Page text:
The Santa Slaying – by Pj Curtis

Santa climbing a ladder up a wall

I am sitting in the shaded courtyard of the Café Mazoroco, in the old harbour town of Puerto de la Cruz in sun-drenched Tenerife; of where, it is said, ‘everyday dawns beautiful spring’.

It is a late December morning, the temperature is already pushing 22 degrees C, lemony sunshine generously sparkling and splashing playfully all about. I am content and comfortably seated in the shade enjoying a mid-morning ‘café con leche’ and a cigarette; a pleasure now denied inveterate smokers such as myself in cafes and bars at home in Ireland.

Across the table from me sits fellow countryman and scribe Jack McHugh, lured to the island – like so many others from the northern hemisphere – by the near-perfect climate and the laidback, ‘manana’ lifestyle to be enjoyed here.

Unlike Jack – resident for many years in this captivating town – I am here on a two-week Christmas holiday; my annual effort to side-step the pressures, stresses and the jarring ‘rattle and hum’ of the naked commercialism that now passes for the ‘season of joy and goodwill to all men’ at home.

I am also here to escape – even for a brief period – meeting the print deadlines imposed by ever more demanding newspaper Editors. (Did I mention? I am a working Journalist – a professional ‘hack’ working these forty years or more for a well-known newspaper in the west of Ireland).

I express my views to Jack.

“Well,” says Jack, “you know the solution, don’t you?”

“Which is?” I enquire.

“Move here!” He answers brightly. “You’re a writer. You write stories. There are stories here too, you know. And a page never refuses ink! Or can you not drag yourself away from sheer excitement of reporting on pot-holed roads, village-green dogfights, sheep-fairs and village fetes?”

Jack continues to try to press a few buttons, but I do not rise to take the bait. He well-knows that – for many years – my scribing history has leaned towards the human-interest story; the well-researched, carefully crafted ‘snapshot-in-words’, unravelling the fortunes, frailties and foibles, the heroics and excesses of the human – and sometimes the inhuman – condition.

In my time, through countless miles of newspaper column-inches, I’ve told a million stories and, if I may say so, carved somewhat of a reputation for myself for – as one Editor pithily put it – “sniffing a scented rose of a story from out of the putrid dustbin of humanity.”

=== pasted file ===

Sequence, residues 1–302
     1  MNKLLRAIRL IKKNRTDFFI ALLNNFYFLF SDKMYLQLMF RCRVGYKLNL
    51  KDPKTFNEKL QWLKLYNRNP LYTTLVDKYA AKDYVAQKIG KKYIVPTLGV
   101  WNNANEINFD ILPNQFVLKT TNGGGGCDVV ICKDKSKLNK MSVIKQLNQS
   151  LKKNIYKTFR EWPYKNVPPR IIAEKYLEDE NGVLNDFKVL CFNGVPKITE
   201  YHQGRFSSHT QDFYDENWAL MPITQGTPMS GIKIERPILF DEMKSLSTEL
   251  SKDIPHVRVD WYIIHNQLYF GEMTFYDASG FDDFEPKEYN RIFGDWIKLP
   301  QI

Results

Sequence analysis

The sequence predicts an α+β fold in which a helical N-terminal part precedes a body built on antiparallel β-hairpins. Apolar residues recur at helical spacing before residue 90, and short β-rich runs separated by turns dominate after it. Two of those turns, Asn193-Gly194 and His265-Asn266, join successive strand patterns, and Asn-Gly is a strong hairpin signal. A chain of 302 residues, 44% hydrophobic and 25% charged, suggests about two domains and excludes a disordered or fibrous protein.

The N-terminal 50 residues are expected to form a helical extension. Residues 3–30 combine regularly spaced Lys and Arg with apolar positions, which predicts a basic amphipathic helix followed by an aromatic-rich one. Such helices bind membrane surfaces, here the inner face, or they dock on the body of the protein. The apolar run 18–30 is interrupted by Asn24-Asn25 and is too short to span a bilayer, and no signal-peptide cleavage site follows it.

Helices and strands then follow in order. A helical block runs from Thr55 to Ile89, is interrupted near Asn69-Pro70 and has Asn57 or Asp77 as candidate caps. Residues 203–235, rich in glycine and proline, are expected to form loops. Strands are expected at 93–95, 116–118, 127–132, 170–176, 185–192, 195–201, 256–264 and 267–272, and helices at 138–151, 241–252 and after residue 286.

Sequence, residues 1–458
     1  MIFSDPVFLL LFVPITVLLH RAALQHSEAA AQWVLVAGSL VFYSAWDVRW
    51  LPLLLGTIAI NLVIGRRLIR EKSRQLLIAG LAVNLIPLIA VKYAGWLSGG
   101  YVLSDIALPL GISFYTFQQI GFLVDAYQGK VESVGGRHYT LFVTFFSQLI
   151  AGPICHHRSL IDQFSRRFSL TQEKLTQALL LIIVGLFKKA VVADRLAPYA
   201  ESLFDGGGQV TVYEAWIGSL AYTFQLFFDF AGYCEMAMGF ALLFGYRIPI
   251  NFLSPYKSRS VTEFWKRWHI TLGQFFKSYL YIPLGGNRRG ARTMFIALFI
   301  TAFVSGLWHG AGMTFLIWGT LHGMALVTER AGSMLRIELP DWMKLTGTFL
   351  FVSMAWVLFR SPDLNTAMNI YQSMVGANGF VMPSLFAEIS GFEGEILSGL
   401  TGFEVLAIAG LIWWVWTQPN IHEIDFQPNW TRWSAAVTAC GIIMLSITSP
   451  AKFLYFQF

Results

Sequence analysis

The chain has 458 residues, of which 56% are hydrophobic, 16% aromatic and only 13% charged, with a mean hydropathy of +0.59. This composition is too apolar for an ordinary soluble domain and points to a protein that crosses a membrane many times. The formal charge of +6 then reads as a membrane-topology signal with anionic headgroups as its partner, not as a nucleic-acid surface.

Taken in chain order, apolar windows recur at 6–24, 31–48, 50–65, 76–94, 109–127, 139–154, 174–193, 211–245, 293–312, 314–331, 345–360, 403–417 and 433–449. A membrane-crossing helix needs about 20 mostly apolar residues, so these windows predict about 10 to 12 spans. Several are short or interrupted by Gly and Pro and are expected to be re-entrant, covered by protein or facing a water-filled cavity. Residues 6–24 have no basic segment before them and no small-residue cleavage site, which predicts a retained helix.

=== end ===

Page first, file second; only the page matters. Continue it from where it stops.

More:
A slim, olive-skinned man in his late thirties soon joins us at our table and whom Jack introduces as Carlos Martinez. ‘Detective’ Martinez in fact, of the local Puerto Police Department.

I greet him in faltering Spanish and Carlos inquires in accented English, “How you like my town, Senor?”

I gush with the usual compliments but confess to being a little confused with the profusion of Christmas decorations – the twinkling, multi-coloured fairy lights, the shooting stars and electric angels in full flight over every ‘casa’, ‘calle’ and ‘plaza’ – more associated with the snow and ice-prone winter northern climate.

I also comment on how charmed and amused I am at the sight of what I have dubbed, ‘The Clambering Santas’.

These ubiquitous little caped fellows – red-suited, elfin Santa figures (some life-sized) with sack on back – can be seen dangling on ropes and ladders from almost every window and balcony in town; thus giving the impression that Santa – in the course of his traditional duties – is determined to gain access to an apartment.

“A pleasant, humorous seasonal image,” I remark.

“I no longer think so, senor! You did not read of our infamous ‘Santa’ murder last year?” Det. Carlos eyes me coldly and puffs on his cigarillo.

“Your…Santa…murder?” The ever-vigilant newshound in me comes awake in an instant and I search the memory banks to recall the press coverage I had briefly scanned in some of the tabloids.

“Si, senor.” Carlos sips his Cafe Sombra. “The case of the ‘Santa Killer’…last Christmas Eve…it was in all the papers.” Carlos stresses the word ‘all’ and blows a perfect smoke ring.

“The case made the town famous…and a celebrity of Carlos!” Jack added gleefully. “This is as bizarre a Santa story as you will hear in many a day. Give him the gory details, Carlos!”